A quarter of Ireland's richest taxpayers - defined by the Revenue as having net assets worth more than €50 million - have a reportable income below the average industrial wage.
90 of the 480 so called High Worth Individuals managed by the Revenue in its Large Cases Division have an effective income tax rate that is lower than average income tax payers in the State.
In a report on how the Revenue manages the wealthiest individual taxpayers, the Comptroller and Auditor General says that on average these HWIs pay a higher effective rate than the average taxpayer - 39.2% for HWIs compared with 16.3% for the average taxpayer.
However, the tax they paid is highly concentrated, with just ten very wealthy individuals paying 85% of the income tax from the HWI group.
The C&AG report says Ireland’s definition of a High Worth Individual - assets in excess of €50m - is high by international standards.
In the UK it is the equivalent of €23m, in Australia €20m, Canada €30m while in Spain it is €10m in assets.
The threshold was examined in 2007 and 2011 and left unchanged, but the C&AG wants it reviewed again to see if this level is appropriate.
As well as 480 individuals, there are 140 trusts, partnerships and "certain companies and legal entities" which the revenue links to the wealthiest taxpayers in the Large Cases Unit.
One third of the HWIs earn their money in the real estate sector. 9% are active in agriculture, forestry and fishing. 5% are in the construction sector. Financial and insurance activities account for just 4%, the same as the arts, entertainment and recreation sector.
A study of the 2015 tax year found that €473m in income tax was paid by 334 High Worth Individuals - an average of €1.4m each.
However, when the nine highest taxpayers - described as "outliers" in the report - are removed - the average income tax paid amounts to €230,750.
The average income tax bill paid by all taxpayers in the State is €5,985.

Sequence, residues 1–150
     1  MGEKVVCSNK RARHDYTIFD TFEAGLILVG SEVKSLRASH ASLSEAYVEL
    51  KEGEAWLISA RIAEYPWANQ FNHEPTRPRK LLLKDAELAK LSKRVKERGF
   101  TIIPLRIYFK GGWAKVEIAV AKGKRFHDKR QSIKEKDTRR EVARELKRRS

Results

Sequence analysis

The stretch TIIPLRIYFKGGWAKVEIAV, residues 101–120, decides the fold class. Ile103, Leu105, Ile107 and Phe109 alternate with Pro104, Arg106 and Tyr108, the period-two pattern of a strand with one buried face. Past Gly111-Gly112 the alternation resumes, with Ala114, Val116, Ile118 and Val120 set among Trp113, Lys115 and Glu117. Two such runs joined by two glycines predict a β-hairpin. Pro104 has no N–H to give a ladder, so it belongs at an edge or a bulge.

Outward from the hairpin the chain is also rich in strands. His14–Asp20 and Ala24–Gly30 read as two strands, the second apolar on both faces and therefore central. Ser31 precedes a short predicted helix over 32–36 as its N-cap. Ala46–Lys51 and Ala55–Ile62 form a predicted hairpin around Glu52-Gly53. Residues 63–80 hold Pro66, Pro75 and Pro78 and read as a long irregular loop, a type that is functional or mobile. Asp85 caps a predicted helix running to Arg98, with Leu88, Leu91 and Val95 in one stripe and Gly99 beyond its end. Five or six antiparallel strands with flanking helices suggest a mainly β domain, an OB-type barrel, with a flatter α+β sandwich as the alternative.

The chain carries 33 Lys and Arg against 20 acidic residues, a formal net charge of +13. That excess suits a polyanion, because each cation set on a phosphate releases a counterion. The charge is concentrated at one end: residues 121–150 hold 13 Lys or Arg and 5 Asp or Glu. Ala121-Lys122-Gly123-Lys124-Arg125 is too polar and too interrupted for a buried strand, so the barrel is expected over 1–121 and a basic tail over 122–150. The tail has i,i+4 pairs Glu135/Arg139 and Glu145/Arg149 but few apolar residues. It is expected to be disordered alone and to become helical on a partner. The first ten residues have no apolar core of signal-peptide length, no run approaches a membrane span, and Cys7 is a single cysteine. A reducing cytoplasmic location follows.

HWIs also pay significant amounts of Capital Gains Tax, Capital Acquisition Tax and Stamp Duty.
These three headings made up some 39% of tax paid following Revenue interventions or audits of High Worth Individuals: Income tax accounted for 50% of the payments in these interventions.
As well as €475m in income tax, these same taxpayers paid €129.8m in USC, and €23.9m in PRSI.
A total of €93m in tax reliefs and credits was claimed by this group, mostly in the form of capital allowances and loss relief carried forward.
Ten individuals were able to claim tax relief in respect of maintenance, significant buildings and gardens relief, venture capital relief and trans-border relief. These tax breaks resulted in benefits to the ten taxpayers averaging €167,000 each.
140 HWIs - 42% of the total - had a taxable income of less than €125,000. This was below the level at which the Higher Income Earner Restriction (HIER) mechanism cuts in.
This restricts the amount of tax breaks an individual can claim.
Between 2012 and 2015 the amount of tax collected through this mechanism has increased, but the number of taxpayers it applies to has fallen.
The C&AG noted that during the period under review, a Qualifying Avoidance Disclosure programme (QAD) was in place, in which taxpayers who told the Revenue of tax avoidance schemes they were using could avoid penalty charges that would normally apply for using such schemes.
In one case a HWI had paid all the tax and interest due in his case before the QAD was introduced - which meant he was liable for penalties.
The report says "Revenue invited the taxpayer to make a QAD...which resulted in a refund of 20% of the interest which had already been paid, and the avoidance of penalties and publication" (of the taxpayer on the revenue defaulters list).
In another case Revenue allowed a HWI to claim tax relief on professional fees, which reduced his tax bill by €270,000 - even though Revenue was "without sight of the invoice and without proof of payment".
The C&AG also notes that Revenue "was unable to confirm that the professional fees had not been paid for tax avoidance advice".